The answer to this question depends on a number of factors, including the specific mental health disorders you have, how well they are managed, and your overall mental health status.

In general, the World Professional Association for Transgender Health (WPATH) Standards of Care (SOC) recommend that transgender people with a history of mental health disorders undergo a mental health assessment prior to gender-affirming surgery. This assessment is typically conducted by a therapist or psychiatrist who is experienced in working with transgender people.

The purpose of the mental health assessment is to:

  • Assess your mental health status and ensure that you are stable enough to undergo surgery.
  • Discuss your expectations for gender-affirming surgery and help you to make an informed decision about whether or not surgery is right for you.
  • Identify any potential risks or challenges associated with surgery and develop a plan to manage them.

If you have a history of mental health disorders, the mental health assessment will likely focus on your current mental health status and how your disorders are being managed. The assessor will also want to understand your expectations for gender-affirming surgery and your reasons for wanting surgery.

If the assessor determines that you are stable enough to undergo surgery and that you have a clear understanding of the risks and benefits of surgery, they will likely recommend that you proceed with surgery. However, if the assessor has concerns about your mental health status or your ability to make an informed decision about surgery, they may recommend that you delay surgery or seek further treatment for your mental health disorders.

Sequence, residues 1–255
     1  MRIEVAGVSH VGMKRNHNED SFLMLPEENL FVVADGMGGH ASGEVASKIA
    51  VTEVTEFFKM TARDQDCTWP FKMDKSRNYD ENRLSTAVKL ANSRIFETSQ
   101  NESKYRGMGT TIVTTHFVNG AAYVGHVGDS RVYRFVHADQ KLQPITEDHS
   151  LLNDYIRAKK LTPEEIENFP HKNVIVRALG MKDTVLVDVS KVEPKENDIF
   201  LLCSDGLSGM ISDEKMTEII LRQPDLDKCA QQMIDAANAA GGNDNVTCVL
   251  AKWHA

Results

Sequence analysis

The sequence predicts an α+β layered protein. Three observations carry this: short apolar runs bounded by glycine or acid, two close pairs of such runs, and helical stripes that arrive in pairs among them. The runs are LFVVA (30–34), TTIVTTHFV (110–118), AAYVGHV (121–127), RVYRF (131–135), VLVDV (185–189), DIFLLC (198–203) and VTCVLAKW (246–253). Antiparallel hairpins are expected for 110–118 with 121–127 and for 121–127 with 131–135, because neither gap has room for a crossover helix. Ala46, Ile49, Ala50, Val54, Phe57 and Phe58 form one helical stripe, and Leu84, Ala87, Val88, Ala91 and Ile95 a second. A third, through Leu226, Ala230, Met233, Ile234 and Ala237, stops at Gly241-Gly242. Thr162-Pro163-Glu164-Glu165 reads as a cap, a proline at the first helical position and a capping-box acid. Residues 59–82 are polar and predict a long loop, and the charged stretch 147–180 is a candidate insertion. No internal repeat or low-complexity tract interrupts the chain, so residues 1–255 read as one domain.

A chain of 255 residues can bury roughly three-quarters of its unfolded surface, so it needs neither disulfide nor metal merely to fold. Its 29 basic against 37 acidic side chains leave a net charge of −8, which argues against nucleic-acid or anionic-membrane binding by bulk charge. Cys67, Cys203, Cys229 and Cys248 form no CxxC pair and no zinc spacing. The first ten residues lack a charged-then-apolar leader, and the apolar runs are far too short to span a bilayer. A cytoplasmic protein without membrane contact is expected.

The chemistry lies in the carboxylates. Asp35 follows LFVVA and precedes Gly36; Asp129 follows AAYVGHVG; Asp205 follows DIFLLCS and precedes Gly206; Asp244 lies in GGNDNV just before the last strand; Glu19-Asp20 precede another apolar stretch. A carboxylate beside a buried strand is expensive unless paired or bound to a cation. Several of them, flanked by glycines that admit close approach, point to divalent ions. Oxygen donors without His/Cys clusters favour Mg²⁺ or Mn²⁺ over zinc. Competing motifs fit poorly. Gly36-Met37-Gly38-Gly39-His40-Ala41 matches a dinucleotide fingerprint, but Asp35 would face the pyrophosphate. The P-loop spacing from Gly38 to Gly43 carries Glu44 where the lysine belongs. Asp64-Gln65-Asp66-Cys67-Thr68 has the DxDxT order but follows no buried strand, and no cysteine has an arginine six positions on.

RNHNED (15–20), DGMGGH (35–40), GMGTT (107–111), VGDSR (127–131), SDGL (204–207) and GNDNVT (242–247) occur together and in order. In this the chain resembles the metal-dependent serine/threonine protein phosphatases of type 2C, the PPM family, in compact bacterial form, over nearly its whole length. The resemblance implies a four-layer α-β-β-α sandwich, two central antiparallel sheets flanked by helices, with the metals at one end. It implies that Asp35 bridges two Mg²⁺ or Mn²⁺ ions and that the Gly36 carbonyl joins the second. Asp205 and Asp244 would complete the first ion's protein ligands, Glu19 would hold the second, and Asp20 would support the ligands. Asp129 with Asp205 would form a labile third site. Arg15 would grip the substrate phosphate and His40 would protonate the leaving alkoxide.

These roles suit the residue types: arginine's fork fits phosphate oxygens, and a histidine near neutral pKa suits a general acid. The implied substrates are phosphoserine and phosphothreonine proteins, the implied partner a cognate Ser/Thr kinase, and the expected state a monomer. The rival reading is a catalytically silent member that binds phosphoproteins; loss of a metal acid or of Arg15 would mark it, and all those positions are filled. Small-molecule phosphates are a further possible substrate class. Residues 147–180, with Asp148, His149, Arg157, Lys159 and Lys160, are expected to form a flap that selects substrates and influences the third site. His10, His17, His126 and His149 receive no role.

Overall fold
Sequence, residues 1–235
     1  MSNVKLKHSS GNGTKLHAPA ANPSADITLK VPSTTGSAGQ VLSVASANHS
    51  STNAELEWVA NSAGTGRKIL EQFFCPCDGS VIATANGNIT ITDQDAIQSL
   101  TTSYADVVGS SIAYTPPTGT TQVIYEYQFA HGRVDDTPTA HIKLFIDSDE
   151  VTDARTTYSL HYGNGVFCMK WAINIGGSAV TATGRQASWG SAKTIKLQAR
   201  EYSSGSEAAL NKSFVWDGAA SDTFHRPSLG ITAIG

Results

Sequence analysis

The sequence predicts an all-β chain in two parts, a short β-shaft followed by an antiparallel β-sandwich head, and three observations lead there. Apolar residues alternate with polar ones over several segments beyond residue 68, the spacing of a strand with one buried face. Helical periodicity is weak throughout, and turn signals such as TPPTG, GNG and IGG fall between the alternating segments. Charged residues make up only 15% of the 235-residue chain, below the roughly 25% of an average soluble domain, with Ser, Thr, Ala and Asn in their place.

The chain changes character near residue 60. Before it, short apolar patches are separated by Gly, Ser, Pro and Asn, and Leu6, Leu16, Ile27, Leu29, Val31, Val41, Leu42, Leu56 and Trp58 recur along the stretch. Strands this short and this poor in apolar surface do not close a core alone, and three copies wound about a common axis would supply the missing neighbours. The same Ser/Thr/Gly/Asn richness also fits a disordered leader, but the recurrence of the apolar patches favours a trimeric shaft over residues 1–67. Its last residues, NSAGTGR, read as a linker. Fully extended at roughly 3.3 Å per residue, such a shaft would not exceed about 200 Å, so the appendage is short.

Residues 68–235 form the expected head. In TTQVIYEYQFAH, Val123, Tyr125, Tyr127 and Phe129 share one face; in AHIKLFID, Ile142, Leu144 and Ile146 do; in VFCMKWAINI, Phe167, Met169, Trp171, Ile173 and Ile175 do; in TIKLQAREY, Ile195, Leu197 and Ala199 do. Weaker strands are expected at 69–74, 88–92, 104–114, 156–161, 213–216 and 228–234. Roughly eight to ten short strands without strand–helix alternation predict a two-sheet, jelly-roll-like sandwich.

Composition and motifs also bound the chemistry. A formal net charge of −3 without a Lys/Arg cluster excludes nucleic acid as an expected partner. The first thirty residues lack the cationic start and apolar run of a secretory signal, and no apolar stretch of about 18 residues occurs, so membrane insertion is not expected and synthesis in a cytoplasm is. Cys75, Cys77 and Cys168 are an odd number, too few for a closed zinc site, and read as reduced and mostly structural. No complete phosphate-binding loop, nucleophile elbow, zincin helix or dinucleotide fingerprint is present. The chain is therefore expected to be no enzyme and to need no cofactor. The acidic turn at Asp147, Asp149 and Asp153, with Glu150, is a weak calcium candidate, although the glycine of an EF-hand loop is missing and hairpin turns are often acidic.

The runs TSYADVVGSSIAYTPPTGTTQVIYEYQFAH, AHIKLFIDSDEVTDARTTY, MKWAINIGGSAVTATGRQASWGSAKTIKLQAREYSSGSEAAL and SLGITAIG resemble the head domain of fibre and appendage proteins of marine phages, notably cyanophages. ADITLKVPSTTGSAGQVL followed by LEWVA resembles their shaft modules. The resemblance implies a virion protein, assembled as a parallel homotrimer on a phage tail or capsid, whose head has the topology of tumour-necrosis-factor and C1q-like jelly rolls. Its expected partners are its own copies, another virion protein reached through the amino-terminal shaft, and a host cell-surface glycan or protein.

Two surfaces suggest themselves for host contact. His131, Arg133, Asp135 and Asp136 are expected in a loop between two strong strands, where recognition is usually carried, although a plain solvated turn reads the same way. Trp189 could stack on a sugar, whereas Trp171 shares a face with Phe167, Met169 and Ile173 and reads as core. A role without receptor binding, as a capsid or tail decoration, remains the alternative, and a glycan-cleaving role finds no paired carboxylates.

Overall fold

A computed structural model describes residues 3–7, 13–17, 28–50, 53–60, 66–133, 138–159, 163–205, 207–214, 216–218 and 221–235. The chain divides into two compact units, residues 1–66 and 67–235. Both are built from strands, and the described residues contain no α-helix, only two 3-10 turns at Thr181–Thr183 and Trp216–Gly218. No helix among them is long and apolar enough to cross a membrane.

Ultimately, the decision of whether or not to have FtM hysterectomy surgery if you have a history of mental health disorders is a personal one. You should discuss your options with your doctor and therapist and make the decision that is right for you.

Here are some additional resources that you may find helpful:

  • WPATH Standards of Care:
  • The Trevor Project:
  • Trans Lifeline:

In general, having a history of mental health disorders does not automatically exclude someone from undergoing FtM (Female to Male) hysterectomy surgery. However, it is essential to consider the potential impact of mental health on the surgical process, recovery, and overall well-being.

It is recommended to have an open and honest discussion with your healthcare provider or surgical team about your mental health history and any ongoing mental health concerns. They can assess your individual situation, evaluate the stability and management of your mental health disorders, and consider the potential impact on the surgical process and recovery.

Mental health disorders may require additional considerations and support during the surgical process. It is important to have a comprehensive plan in place to address any specific mental health needs before, during, and after the surgery. This may involve collaborating with mental health professionals, ensuring access to appropriate support networks, and potentially adjusting any medications or therapies to optimize your mental health and well-being.

Your healthcare provider will work with you to develop a tailored plan that takes into account your mental health history, current stability, and any specific concerns. They may recommend additional evaluations or consultations with mental health professionals to ensure that you are adequately prepared for the surgical experience.

Remember that the surgical journey is unique to each individual, and decisions regarding FtM hysterectomy surgery should be made in collaboration with your healthcare provider, considering your specific health status, mental health considerations, and overall well-being. By maintaining open communication, seeking appropriate support, and prioritizing your mental health, you can work towards a successful surgical outcome and recovery.